This type of dedication and determination is what sets Rohit apart from the great majority of football players in Nepal and it is why he is the only player in Nepal’s current national team that is playing in a foreign league.

Call me a Rohit Chand fan boy all you want, but having covered and worked in Nepali football for the last 16 years I can say without hesitation that Rohit is a rare breed.

Foremost, Rohit has ambition. While most Nepali footballers are content playing in Mickey Mouse tournaments across the country and collecting the handsome paychecks that come with it, Rohit always has had his heart set on playing at the highest football level possible. Instead of nagging his first Nepali club Machhindra about petty perks as most foootballers do, Rohit and his family requested club officials to help write his resume, create a YouTube highlights video and search for a foreign club for him.

When it comes to his career, Rohit has always sacrificed money for greater opportunity. He went months without salary while playing for clubs in India and Indonesia. His close advisor Nabin Chitrakar says Rohit’s first priority when searching for a club is the level of the league and that finances are secondary. Contrast that with Nepal national team members who according to Chitrakar contact him regularly about the chance to play in weaker but more lucrative leagues such as that of Bangladesh.

Another of Rohit’s strengths is his mental fortitude. There is a popular joke in Asian football circles that claims, “You can take a footballer out of the village, but you can’t take the village out of the footballer.”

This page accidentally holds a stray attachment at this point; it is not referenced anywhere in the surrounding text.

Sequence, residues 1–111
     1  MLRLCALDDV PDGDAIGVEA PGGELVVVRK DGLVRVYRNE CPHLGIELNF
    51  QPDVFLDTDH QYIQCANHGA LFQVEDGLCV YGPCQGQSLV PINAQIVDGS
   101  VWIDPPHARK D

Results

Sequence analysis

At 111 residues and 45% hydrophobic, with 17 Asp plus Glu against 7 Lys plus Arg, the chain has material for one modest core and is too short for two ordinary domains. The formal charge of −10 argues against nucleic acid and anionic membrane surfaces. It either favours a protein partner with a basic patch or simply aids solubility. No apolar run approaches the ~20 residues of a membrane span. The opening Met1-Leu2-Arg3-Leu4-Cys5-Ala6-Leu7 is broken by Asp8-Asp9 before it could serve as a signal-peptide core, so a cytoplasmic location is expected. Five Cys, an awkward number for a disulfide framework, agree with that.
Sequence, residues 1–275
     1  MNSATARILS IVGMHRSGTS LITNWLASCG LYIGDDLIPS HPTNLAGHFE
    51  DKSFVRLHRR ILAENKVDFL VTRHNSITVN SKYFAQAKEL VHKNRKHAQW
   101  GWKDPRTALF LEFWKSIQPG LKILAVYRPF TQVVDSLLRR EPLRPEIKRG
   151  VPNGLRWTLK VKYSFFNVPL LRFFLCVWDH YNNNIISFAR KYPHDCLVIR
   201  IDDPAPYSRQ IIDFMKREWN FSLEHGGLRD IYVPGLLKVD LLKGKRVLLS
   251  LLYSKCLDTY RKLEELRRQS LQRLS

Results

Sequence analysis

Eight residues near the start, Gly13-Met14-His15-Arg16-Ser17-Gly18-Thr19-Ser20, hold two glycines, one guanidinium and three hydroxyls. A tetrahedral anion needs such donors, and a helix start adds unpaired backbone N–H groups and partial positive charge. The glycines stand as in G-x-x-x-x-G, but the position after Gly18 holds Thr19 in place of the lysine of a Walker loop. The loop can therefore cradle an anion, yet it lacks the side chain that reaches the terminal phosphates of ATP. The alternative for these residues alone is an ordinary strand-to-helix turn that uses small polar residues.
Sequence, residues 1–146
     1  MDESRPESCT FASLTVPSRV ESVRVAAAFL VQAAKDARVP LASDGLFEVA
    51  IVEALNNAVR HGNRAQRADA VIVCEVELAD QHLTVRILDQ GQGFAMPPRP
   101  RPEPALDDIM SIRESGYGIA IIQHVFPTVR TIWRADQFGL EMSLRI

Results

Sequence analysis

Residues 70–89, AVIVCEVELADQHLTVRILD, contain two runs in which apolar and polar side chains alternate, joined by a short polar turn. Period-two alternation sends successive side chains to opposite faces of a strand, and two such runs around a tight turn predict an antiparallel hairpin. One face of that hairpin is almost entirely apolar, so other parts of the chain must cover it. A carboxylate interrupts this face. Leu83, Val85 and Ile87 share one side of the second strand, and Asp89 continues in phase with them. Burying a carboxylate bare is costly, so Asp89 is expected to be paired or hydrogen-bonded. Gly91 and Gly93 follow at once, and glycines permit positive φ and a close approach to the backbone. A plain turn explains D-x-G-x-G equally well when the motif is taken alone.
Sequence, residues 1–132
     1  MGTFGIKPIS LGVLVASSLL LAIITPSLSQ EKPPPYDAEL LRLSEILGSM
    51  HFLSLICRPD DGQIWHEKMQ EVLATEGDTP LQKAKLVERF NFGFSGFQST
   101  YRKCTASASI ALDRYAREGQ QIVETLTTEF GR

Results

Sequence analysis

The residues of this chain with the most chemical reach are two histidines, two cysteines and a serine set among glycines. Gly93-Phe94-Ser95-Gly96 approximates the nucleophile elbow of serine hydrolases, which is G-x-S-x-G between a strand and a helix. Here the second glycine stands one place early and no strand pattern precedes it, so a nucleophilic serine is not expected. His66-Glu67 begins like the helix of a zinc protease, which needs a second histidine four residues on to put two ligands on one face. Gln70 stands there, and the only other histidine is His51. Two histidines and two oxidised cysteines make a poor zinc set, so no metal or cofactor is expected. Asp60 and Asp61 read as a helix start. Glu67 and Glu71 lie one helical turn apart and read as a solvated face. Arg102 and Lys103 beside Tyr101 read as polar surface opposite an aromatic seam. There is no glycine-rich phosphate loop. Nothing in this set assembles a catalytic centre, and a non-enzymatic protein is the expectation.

Rohit might be from Surkhet, but he is certainly no villager. After botching two penalty kicks in Nepal’s most anticipated football match in two decades, Rohit could have booked the first flight out of the country and gone back to the comforts of Indonesia where he is hero amongst the Persija Jakarta faithful. Instead he stuck it out in Nepal and faced the media and a sea of critics. His steadiness during such a low period in his football career won him admirers and he has been able to leverage that into a popular Facebook page and several sponsorship deals.

While some prominent Nepali footballers complained about homesickness during golden opportunities with clubs abroad, Rohit never flinched. Despite payment issues, he played two years in Bangalore, India for HAL SC without a peep. He was resolute in Indonesia despite being cut by the first team he tried-out for – Arema. Even today as he is pulled in various directions with offers from Nepal, Denmark, Indonesia and Thailand, he takes it all in stride.

A few more Rohit Chands and Nepali football would probably be at another level. Unfortunately, for now, there is only one Rohit Chand.